Zen and the art of road spray maintenance

The tipping point arrived after a drizzly morning commute: I dismounted the 1200GS, hefted it up on the center stand, and my gloved hand came off the frame with new layer of road spray that spread to my clothes. A little bit of wet scrappy dirt by itself is no big deal to a GS rider (right?), the wet Seattle roads were building a grime layer on suit and machine, and it was time to investigate added fender protection.

“Support innovation, buy the original”

After a bit of industry research, I realized that the fender protection product segment is occupied by an innovator specializing in BMW twins, and a lower priced product with virtually the same specs. The decision point for me was easy: I believe in supporting innovation in the industry, as well as design originality, much like a Kickstarter project. So I went with the MachineArt Moto front/back fender combo.

Front side

The front fender extension is called the Advant 12, and adds a little more than 5 inches to the back side of the front fender to reduce the spray coming off the front wheel. It installs in about 5 minutes with 3 clips and a Torx screwdriver.

Before / After front fender extension
Before / After front fender extension


Back side installation with a Jesse luggage high pipe mount

I have the Jesse Odyssey II with regular mounts, which means that the left side mount overlaps with a key anchor position on the MudSling MAX.

Left side of 1200GS
Notice the Jesse bag mount location and MudSling mount area.


Notice the overlap
Notice the overlap.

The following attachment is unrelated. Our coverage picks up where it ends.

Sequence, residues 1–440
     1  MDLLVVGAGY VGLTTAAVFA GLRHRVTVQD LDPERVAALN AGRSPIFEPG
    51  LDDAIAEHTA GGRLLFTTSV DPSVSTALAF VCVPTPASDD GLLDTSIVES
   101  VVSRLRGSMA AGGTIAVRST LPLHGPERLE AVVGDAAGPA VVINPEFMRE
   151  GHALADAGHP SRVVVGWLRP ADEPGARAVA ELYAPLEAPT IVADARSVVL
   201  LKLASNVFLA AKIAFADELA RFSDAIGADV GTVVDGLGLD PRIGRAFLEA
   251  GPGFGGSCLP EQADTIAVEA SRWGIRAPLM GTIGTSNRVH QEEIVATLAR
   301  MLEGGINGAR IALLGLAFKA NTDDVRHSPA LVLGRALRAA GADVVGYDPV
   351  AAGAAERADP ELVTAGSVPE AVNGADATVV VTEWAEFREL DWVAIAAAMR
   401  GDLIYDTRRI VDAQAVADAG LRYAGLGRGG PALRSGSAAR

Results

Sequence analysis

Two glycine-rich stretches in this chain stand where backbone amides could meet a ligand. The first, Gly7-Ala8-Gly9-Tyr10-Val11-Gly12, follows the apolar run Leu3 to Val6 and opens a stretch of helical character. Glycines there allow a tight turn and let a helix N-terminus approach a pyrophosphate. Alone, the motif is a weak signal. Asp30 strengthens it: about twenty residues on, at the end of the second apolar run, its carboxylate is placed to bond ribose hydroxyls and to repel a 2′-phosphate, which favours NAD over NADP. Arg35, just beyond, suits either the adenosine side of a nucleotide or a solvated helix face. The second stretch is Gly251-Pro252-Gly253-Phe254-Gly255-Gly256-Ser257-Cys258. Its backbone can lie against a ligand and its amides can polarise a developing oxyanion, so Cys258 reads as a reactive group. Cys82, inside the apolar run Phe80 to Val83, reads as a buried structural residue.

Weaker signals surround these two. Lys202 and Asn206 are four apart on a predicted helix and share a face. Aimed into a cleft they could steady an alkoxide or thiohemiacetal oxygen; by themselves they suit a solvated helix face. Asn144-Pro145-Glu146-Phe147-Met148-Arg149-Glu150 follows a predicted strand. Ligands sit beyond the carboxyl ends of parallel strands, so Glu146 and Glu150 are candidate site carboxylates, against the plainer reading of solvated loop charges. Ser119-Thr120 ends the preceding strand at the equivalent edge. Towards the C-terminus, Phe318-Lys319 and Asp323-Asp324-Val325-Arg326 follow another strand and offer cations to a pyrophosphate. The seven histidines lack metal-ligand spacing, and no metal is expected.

After a quick consult with Andrew @ MachineArt Moto, I decided to carve out the overlapping segment with a Dremel.

MudSling MAX before Dremel surgery
MudSling MAX before Dremel surgery.


After surgery
MudSling MAX after surgery. I used the Dremel cutting wheel for the major line cuts, and a small grinder to smooth out the edges.


I performed a few back and forth fit/cut iterations before the left side lined up snugly. I attached the two upper screws, zip ties on the bars, and examined the clearance between the extension and the Heidenau K60 tire…about a quarter inch clearance while on center stand, no rubbing while on side stand.

Finished extension, nice and tight
Finished extension, nice and tight to the frame tube


Let’s ride

As timing would have it, the next day featured another drizzly commute, so I was able to get an early preview of the extensions in action:

  • Frame bar where I lift the bike onto center stand was dry.
  • My boots were far more dry than in previous rides
  • My commute takes me through a park with six speed bumps, which I took at various speeds to see if the rear tire hit the fender: no contact at low speeds, some contact at ~25-30mph. This translates to keeping the rear extender on for all street riding and light off roading, and likely removal for rougher off roading, so I can avoid a repeat of what happened last year on the ALCAN with the BMW rear spray guard.


Bye-bye mud guard
BMW recommends removing the mud guard before riding rough roads. Ooops.


Good stuff, glad I did this. Only wish I had these installed on my Alaska trip year, would have saved a bunch of Dalton calcium chloride from riding up on the machine.

Highly recommended.

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